Cleaning your pool consistently is not unlike cleaning your home. It will take more effort to restore its previous luster if it has been a long time between cleanings. With an auto-vac system, you can establish a regular routine for cleaning your pool, though manual cleaners are also available.
The purpose of the automatic pool cleaners at their introduction was simply to agitate debris from the bottom of the pool so that eventually it would reach the skimmer or main drain. Cleaners today essentially vacuum and circulate debris, providing a far more effective method for keeping your pool clean. Robotics, pressure (or pressure-side) and suction are the three main varieties of auto-vac systems.
In addition to being among the hottest cleaners on the market, robotic cleaners operate independently of pool pumps and filters, so there are no hoses required. While the cleaner is self-contained and autonomous from your pool equipment, it does require low voltage electricity connected to a ground fault interrupter circuit in order to operate.
High-level robots can scrub up to the waterline, climb walls, and work over stairs. Several companies scan your swimming pool for a strategic path and learn what your cleaning routine should be. Choosing either a quick cleaning cycle or a deep cleaning cycle depends on the particular cleaning needs of the pool owner. Putting the unit in and taking it out is required for each clean, but otherwise, the process is fully automated.
Through a return, water is pumped back into the inground pool to power a pressure-side cleaner. A booster pump is an independent line used for cleaning, connected to the pool’s filter pump, or it can be connected to the existing returns powered by the filter pump.
Using water pressure and three separate ports, the cleaner stirs up debris, propels itself, and suctions debris into a collection bag. The booster pump option uses high pressure levels and can be fully automated using a timer. Therefore, the higher pressure counterpart is more expensive to buy and operate. Some homeowners of inground pools leave a vacuum cleaner in the pool while they swim rather than moving it in and out, but remember to empty the debris collection bag periodically.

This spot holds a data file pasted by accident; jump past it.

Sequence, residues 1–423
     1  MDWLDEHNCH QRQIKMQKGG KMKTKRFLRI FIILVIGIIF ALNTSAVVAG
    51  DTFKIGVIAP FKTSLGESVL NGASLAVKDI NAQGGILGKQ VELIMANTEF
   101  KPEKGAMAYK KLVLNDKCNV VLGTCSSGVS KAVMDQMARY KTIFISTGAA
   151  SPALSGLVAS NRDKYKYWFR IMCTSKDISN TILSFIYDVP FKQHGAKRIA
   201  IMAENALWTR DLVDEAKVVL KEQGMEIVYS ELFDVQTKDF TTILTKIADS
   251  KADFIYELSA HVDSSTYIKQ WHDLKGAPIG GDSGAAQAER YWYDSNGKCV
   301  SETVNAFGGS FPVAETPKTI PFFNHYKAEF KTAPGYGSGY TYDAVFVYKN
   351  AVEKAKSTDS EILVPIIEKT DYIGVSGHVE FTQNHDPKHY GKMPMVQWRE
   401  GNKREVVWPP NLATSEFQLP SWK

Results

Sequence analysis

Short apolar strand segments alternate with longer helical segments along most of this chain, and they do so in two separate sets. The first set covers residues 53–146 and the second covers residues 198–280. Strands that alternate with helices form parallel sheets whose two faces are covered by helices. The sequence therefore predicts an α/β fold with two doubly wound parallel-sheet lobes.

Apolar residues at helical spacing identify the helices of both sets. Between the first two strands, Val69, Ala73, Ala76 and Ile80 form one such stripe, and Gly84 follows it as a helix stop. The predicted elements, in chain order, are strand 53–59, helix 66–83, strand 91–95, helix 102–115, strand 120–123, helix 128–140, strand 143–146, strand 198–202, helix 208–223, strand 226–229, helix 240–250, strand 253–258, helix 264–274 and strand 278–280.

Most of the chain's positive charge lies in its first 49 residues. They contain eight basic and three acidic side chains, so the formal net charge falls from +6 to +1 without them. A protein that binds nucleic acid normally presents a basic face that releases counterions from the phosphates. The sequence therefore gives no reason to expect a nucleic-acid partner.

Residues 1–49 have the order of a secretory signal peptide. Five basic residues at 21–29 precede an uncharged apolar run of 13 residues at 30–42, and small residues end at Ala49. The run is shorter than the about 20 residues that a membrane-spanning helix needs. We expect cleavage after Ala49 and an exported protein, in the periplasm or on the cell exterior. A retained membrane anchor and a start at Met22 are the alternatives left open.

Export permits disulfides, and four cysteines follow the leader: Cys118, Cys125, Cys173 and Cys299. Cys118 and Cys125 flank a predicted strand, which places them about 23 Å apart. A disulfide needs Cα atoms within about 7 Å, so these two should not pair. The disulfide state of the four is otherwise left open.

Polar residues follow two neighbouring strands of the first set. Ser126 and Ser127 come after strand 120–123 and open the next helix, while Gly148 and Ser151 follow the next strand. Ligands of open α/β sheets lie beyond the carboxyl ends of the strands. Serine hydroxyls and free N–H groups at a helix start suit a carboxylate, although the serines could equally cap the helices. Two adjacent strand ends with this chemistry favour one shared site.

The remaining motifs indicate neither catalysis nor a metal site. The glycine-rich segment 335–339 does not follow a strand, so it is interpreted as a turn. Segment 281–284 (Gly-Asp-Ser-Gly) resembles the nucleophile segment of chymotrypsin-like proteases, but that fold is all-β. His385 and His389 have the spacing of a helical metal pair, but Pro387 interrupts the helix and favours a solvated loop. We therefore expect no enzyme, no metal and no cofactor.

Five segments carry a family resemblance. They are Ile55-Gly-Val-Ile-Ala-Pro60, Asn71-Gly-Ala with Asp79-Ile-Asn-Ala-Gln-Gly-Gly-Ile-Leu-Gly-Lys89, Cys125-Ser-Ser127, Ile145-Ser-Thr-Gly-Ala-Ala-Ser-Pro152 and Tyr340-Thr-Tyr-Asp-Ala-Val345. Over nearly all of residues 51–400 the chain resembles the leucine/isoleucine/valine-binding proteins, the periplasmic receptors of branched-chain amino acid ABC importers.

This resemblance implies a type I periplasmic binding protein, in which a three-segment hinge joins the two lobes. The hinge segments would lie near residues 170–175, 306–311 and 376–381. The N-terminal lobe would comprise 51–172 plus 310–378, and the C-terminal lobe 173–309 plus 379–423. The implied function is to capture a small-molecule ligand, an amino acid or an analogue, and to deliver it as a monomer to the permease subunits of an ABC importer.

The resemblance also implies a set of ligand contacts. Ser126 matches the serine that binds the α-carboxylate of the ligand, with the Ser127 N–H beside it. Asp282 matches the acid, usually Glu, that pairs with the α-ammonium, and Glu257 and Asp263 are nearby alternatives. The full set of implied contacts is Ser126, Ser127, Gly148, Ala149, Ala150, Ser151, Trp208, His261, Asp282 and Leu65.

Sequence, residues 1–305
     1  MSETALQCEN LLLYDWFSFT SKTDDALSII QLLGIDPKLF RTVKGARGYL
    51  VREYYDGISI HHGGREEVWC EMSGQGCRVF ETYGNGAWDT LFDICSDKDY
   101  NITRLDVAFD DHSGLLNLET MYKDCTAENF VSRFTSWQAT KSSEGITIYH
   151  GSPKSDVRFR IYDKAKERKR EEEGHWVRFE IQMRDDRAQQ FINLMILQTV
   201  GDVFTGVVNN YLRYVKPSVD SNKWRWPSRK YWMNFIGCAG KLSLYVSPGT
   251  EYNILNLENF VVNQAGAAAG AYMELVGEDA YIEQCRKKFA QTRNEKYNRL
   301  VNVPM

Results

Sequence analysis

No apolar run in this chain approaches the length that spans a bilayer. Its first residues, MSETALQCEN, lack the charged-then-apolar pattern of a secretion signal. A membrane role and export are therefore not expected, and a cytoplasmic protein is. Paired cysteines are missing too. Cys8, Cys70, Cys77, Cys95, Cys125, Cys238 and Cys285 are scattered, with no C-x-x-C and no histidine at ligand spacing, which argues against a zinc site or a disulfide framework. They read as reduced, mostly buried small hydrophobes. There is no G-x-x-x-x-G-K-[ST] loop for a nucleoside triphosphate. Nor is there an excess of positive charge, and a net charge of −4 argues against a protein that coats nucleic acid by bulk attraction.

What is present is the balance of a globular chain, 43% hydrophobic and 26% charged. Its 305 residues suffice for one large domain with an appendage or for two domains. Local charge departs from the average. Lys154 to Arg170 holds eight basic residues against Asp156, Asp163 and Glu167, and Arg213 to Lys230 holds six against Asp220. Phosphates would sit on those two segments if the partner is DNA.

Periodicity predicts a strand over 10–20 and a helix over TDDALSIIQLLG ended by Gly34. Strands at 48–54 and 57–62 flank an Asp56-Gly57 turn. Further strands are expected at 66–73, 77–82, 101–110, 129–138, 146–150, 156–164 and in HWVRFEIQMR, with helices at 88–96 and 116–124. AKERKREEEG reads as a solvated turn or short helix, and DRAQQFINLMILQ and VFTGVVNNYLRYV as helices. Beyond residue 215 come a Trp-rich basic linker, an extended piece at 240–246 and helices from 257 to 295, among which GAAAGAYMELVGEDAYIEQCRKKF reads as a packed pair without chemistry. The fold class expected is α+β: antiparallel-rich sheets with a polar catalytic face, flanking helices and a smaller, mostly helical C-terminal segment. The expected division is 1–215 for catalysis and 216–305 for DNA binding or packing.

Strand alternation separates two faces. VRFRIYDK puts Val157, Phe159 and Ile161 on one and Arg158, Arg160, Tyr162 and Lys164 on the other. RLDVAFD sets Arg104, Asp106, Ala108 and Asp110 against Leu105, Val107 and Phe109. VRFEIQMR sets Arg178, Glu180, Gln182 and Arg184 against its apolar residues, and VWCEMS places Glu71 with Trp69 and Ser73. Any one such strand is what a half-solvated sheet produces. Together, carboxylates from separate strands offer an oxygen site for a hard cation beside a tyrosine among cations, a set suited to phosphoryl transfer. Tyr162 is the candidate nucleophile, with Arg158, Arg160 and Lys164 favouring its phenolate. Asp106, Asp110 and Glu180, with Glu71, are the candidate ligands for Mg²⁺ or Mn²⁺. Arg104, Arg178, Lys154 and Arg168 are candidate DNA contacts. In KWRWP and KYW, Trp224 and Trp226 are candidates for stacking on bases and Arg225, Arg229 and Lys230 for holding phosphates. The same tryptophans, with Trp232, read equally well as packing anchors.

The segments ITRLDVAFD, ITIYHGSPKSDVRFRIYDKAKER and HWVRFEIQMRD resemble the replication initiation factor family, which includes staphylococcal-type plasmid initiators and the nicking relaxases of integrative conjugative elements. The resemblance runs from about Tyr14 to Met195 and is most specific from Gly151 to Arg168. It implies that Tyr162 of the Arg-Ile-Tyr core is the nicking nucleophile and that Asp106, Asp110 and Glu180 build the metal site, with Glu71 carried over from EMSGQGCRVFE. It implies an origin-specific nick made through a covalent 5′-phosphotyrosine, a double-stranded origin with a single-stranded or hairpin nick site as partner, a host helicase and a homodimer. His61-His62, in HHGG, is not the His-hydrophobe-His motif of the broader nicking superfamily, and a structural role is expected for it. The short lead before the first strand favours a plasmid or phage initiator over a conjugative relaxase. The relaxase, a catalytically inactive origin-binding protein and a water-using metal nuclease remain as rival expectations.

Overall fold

Suction pool vacuum cleaners are cleaned using the suction side of the pool equipment. By moving around the pool, they collect debris which is then flushed out through the filter. Skimmers are connected to a suction line or to a pool skimmer.
The cleaner is propelled around the pool by water sucked through it as soon as the hose is connected and the filter pump is running. It moves randomly after being connected. Its design and features are different.
Suction pool cleaners are among the most cost-effective, but they also require more frequent replacement due to their higher number of moving parts. In addition, they must maintain the pool filter more frequently because it cleans the water.
In some cases, a hand-on approach is needed to clean a pool, even with auto-vac systems. A manual pool vacuum is essential if you are dealing with debris in your pool after a thunderstorm or sandstorm, or if you are attempting to remove algae.
Vacuum heads, hoses, and poles comprise manual pool vacuums. Alternatively, you can attach your hose to the intake nozzle of your pool skimmer at one end and to the vacuum head at the other. Once the water in the hose fills the vacuum head, it creates suction that holds it tight to the pool’s floor or walls once submerged and against the surface.
Consider relying on the expertise of a local pool professional when researching various cleaner models and brands – your local pool retailer or pool builder. Their insight into your region’s and your pool’s unique needs can be invaluable.